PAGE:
Eye Care Blog

Free eye care, eyeglasses for the most impoverished Dominicans

Added 29/3/2010

As part of its Blindness Prevention program in the Dominican Republic, the Batey Relief Alliance (BRA) is partnering with the Student Volunteer Optometrists for Service of Humanity (SVOSH) of the New England College of Optometry to bring 22 students and faculty to deliver critical eye care and fee eye glasses to 1500 children and adults with eye problems, in need of a pair of glasses, and who are living in extreme poverty.

The seven-day mission activities, co-sponsored by the Lions Club Arroyo Hondo Santo Domingo, will take place from April March 10th through the 18th inside impoverished sugarcane plantations communities of YAMASA, province of Monte Plata. “Hundreds are expected to travel far away and beyond the bateyes take advantage of this once-in-a-life-time opportunity to check and treat their vision,” said Nicole Ross, SVOSH-NECO President.

Ross also added that patients who need follow-up or specialized care will be referred to BRA’s medical center in Monte Plata where complete optometric and ophthalmologic care is provided to thousands in each year.

The SVOSH-NECO team, a long-time partner to BRA, is fully-equipped and self-sufficient, and will travel with sophisticated equipment, thousands of dollars in medicines, eye drops, eyeglasses and supplies.

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Eye Dryness on Increase

Added 26/3/2010

The number of people suffering from dry eyes has doubled in the past six years, possibly due to workers staying indoors without adequate ventilation systems.

According to research by the National Health Insurance Corporation (NHIC), the number of people treated for lachrymal gland disorders marked 1.5 million in 2008, compared to 744,000 in 2002. The corporation had to spend 77 billion won in 2008 for coverage.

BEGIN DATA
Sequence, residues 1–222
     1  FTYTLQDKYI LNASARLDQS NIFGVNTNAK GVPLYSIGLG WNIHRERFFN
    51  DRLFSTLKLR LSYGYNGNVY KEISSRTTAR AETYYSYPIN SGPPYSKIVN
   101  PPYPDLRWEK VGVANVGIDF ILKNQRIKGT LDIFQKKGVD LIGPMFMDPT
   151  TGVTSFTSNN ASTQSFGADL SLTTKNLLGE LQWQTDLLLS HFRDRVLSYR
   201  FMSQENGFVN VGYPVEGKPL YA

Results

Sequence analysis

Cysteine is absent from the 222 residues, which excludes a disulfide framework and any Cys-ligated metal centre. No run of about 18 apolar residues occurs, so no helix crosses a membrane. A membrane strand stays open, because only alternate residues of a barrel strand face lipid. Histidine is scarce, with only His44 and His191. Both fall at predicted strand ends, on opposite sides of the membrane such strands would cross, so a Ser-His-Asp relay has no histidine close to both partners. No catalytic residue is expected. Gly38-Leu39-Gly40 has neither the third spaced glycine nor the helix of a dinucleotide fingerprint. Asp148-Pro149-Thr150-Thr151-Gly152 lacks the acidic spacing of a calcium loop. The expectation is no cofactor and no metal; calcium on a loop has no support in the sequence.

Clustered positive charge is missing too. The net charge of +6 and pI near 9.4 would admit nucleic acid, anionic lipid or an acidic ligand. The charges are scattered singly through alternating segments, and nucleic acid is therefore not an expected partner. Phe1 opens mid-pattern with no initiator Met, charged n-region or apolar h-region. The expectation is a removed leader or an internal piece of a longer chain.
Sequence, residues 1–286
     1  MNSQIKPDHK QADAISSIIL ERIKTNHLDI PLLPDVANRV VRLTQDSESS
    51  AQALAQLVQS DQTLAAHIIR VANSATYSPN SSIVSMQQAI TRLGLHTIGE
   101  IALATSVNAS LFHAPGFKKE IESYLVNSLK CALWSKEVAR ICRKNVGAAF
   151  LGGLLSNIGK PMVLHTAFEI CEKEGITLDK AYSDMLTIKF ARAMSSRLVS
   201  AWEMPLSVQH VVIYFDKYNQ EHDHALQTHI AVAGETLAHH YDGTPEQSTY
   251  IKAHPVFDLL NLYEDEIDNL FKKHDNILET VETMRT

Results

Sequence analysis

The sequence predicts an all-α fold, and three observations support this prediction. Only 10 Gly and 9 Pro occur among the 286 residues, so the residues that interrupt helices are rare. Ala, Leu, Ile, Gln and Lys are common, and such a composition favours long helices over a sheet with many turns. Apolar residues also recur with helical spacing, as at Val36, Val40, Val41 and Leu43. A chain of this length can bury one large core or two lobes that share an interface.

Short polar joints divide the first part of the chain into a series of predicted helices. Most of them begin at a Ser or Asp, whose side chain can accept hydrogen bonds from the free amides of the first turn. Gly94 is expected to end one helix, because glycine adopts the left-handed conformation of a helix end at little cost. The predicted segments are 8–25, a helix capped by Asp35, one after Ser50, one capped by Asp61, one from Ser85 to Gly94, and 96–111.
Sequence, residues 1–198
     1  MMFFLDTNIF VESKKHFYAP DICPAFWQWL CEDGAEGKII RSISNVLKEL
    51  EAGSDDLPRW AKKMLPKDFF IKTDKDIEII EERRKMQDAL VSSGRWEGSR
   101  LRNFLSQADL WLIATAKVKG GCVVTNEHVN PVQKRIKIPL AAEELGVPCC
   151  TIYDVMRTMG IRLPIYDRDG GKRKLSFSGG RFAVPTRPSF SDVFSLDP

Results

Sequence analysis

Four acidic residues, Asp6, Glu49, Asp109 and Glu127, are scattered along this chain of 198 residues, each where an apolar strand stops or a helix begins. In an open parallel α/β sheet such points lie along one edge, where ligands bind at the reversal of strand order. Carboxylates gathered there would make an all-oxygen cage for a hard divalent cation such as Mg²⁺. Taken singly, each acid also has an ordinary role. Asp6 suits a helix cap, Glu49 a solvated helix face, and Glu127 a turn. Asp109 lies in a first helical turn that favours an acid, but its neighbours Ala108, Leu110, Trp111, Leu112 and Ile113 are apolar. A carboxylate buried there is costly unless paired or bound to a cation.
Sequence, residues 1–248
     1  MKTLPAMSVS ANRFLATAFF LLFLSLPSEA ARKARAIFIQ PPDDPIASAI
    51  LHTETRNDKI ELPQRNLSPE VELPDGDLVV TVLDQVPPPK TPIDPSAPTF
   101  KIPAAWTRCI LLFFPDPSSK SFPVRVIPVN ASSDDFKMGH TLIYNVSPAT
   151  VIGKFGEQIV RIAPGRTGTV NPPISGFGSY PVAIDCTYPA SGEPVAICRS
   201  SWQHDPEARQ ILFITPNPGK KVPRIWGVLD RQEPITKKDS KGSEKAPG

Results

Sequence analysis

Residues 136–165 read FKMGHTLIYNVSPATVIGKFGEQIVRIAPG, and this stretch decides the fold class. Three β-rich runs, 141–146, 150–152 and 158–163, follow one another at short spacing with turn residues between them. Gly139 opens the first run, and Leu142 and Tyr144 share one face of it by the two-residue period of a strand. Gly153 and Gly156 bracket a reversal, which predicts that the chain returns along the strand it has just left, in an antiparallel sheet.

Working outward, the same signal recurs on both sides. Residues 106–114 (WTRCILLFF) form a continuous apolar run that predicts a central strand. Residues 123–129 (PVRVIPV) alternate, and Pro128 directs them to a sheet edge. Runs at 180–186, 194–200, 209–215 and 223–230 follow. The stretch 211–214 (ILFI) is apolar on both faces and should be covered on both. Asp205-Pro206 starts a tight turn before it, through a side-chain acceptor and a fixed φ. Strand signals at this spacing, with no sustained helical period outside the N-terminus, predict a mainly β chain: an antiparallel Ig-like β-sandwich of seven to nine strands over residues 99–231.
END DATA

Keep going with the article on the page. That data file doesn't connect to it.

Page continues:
Dry eyes is a condition in which a person’s eyes do not produce enough tears, or the tears evaporate too quickly.

This can lead to eyes drying out and becoming inflamed. In serious cases it can cause visual impairment or scarring of the eye’s surface.

More women suffer from the disease― their number is double that of men. The NHIC assumed that changes in hormone levels after menopause can affect the secretion of tears.

There are various other causes for the condition ― a disorder in the immune system, genetic factors, or injuries among others.

However, the state-run organization said working in offices with heating or cooling systems operating all day long can explain the growing number of patients, many of whom are younger than the conventional patients in their 60s.

“Many people visit their optician in August and January, when many workplaces and houses keep the windows shut because they have air conditioning or heating on. We also think many workers looking at computer screens all day long causes great fatigue and various disorders to the eyes,” the corporation said in a press release.